Every leader has responsibility for creating a cultural environment where all employees feel included and valued. The job of diversity does not merely reside within the purview of the DEI lead in your company, because inclusion ultimately happens at the team level, where goals are assigned, and results are generated. While creating an inclusive culture is a challenge for any leader, it is increasingly so now, as the use of modern-day “swear words” around diversity have permeated our global lexicon. “Privilege” is one such word. It is a trigger for frustration and dissent, especially for those on the receiving end of that label. But what is privilege exactly and what can leaders do about it?

In sociological terms, privilege refers to a phenomenon where a specific grouping of people experience treatment or benefits that are perceived as “better” than that which others receive by virtue of their membership in a particular social group. Often that group membership is beyond the control of the person perceived to be “privileged” because privilege can be based on any of the primary dimensions of diversity, such as age, race, gender, language, etc. (These are called primary diversity dimensions because they are personal human attributes that are easily discernible by the senses.) Yet, privilege is often demonstrated as a behavior based on what is socially acceptable. For example, an elderly woman might find that people on a bus automatically give up a seat for her as a sign of respect. It has become “the norm” in that group to do so. A male may experience the privilege of his gender in the workplace if he’s employed in a male-dominated industry. In these situations, it may have become “the norm” to appoint a male into a particular role or job. Likewise, a group of people switching to English from their native language as soon as an English-speaking white person walks into the room is another example. This article being written in English is even a nod to privilege, because I am from South Africa, and my first language is Setswana.

It’s important to note that privilege in and of itself is not racism, sexism, ageism or any of the other forms of overt exclusion; however, it can lead to them. As a leader, if you observed racist or sexist behavior on your team, you could easily recognize it as is a deliberate demonstration of supremacy, where an individual guilty of such behaviors was attempting to assert their superiority over others. Privilege on the other hand, is more difficult to recognize and address in creating an inclusive culture. Here are a few important facts about privilege to keep in mind as you work to identify and manage it in your organization:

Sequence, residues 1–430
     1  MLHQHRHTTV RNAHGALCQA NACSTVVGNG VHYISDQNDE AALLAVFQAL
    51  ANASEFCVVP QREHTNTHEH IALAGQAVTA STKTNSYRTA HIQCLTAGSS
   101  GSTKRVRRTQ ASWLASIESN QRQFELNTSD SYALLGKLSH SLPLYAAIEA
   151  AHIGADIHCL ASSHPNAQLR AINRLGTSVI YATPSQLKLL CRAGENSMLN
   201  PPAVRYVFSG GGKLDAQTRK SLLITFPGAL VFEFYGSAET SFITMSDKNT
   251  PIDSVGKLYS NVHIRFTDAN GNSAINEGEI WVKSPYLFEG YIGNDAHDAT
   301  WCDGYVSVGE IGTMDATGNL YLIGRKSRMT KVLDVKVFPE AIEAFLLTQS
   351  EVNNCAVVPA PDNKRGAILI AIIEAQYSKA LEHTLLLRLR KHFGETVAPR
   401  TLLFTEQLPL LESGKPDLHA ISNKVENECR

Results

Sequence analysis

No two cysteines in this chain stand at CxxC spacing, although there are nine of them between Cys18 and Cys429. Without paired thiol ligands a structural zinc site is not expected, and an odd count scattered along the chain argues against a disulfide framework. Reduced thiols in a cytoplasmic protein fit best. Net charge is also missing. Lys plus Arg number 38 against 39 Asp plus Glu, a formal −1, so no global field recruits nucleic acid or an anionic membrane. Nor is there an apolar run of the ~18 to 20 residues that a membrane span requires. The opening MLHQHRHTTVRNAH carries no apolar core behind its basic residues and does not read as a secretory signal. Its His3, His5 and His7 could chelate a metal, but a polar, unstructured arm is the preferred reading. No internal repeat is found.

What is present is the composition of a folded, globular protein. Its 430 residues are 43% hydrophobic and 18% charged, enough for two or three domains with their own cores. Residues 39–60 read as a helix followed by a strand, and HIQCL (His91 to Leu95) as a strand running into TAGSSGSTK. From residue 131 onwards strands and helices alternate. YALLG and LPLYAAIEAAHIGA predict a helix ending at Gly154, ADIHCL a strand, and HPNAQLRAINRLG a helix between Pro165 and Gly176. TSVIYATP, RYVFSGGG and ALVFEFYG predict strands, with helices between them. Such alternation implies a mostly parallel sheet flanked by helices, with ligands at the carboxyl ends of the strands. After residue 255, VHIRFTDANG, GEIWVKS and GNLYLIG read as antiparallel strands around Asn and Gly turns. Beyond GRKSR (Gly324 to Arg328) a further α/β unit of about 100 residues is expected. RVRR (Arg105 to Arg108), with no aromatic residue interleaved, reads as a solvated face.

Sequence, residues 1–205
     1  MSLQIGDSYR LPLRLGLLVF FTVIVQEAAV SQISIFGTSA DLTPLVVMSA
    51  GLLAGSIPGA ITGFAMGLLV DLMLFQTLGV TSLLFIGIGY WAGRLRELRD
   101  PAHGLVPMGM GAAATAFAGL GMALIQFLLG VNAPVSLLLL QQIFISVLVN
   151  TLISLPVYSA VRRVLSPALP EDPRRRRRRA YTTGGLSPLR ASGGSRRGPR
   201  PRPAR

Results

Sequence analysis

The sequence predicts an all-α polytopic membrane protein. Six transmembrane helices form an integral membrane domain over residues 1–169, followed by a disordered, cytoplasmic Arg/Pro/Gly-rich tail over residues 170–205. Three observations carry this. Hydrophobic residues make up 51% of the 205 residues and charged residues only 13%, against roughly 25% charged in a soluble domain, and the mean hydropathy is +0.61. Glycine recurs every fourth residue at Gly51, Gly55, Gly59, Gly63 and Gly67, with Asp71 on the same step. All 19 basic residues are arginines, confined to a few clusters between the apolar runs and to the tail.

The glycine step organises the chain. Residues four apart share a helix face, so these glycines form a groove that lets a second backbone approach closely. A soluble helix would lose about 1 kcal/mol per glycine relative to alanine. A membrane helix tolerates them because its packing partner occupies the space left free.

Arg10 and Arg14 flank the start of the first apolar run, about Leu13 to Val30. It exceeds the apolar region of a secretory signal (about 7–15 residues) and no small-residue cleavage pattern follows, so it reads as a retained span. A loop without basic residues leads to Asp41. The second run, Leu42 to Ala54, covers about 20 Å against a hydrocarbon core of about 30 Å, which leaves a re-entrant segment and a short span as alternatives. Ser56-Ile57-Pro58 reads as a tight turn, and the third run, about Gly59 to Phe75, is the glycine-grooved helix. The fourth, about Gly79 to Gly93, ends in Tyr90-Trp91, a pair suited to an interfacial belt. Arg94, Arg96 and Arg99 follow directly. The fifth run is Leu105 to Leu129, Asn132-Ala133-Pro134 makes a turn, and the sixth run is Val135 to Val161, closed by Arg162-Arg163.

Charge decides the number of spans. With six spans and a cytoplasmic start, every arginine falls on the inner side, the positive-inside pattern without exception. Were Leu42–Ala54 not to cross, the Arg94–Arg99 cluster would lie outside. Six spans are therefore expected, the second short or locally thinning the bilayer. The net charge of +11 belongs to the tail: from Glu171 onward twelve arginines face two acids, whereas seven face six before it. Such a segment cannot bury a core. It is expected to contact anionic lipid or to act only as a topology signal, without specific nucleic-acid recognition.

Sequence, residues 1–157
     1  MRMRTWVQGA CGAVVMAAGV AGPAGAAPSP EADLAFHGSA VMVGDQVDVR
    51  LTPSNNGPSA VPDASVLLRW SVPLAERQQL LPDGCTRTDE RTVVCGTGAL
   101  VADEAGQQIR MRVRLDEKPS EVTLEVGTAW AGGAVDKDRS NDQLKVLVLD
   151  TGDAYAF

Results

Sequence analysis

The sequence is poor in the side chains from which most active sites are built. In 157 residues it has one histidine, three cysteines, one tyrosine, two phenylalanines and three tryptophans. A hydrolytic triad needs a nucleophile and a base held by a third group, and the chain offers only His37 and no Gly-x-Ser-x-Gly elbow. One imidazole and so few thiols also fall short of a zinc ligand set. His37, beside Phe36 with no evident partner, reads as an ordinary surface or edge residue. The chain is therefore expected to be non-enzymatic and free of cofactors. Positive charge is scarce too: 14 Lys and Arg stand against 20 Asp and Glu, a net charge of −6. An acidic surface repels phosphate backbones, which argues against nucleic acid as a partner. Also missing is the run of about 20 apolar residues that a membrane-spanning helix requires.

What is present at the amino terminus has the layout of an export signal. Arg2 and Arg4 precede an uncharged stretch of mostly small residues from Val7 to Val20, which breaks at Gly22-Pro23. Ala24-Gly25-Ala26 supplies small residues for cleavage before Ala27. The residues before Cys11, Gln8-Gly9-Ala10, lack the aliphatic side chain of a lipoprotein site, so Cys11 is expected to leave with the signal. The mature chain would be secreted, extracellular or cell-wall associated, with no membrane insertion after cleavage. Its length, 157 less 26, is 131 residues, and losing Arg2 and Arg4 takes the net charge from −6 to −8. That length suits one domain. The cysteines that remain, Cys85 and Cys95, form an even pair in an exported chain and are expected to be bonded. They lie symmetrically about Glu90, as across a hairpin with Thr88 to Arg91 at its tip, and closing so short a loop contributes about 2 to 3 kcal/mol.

• Privilege is insidious because it feels like “the way things should be”. Therefore, the privileged do not notice when their privilege is being imposed on others as the “right” way. As a leader, it’s incumbent upon you to examine the work assignments, promotions and team opportunities you’ve given to others. Think about how norms of privilege may have inadvertently entered into your decisions and precluded opportunities for some on your team. Ask yourself, “Is my unconscious use of the norms of privilege impacting the way in which I manage individuals on my team?”
  • Be vigilant about the small slights. Do you notice that team members frequently discount the input from individuals who are not in the privileged group? Are certain employees only able to get their ideas heard when they are repeated by a colleague who enjoys the benefit of privilege? These are forms of micro-aggression that can not only erode an inclusive culture, but incite frustration or worse in those who are marginalized, especially when they point out this privileged position and you do little to address it.
  • Recognize that people who benefit from privilege are generally unconscious about that fact and will feel unjustly treated when their privilege is made evident. When recognizing this, demonstrate patience and resilience because they are the currencies required for building an inclusive culture and doing the real work of transformation.

At Workplace Equity and Equality (WEE), our approach to this sensitive topic is to first create a “No Shame, No Blame” environment for those who are willing to explore the challenging topics of diversity and inclusion. Join us for the first WEE DEI Collaboratory to explore this topic at length in collaboration with other leaders across the world. Visit www.wee-conference.org for more information and to register. Our process will expand your frame of reference and increase your capacity for leveraging diversity--on your team, within your business, and across your relationships.

Mongezi C. Makhalima, PhD is an organization development specialist, organizational learning expert, Motivational Speaker Entrepreneur & Chartered Executive Coach with over 30 years of working with organizations and leadership in corporate and NGO’s. He is a Chairperson of the Africa Board for Coaching, Consulting and Coaching Psychology (ABCCCP) and the MD of the Africa Centre for Work-Based Learning in Pretoria. Mongezi is passionate about working with inspiring leaders and entrepreneurs and uses his deep knowledge of leadership and the psychology of organizations towards a sustainable Africa. His full profile can be seen at http://www.abcccp.com/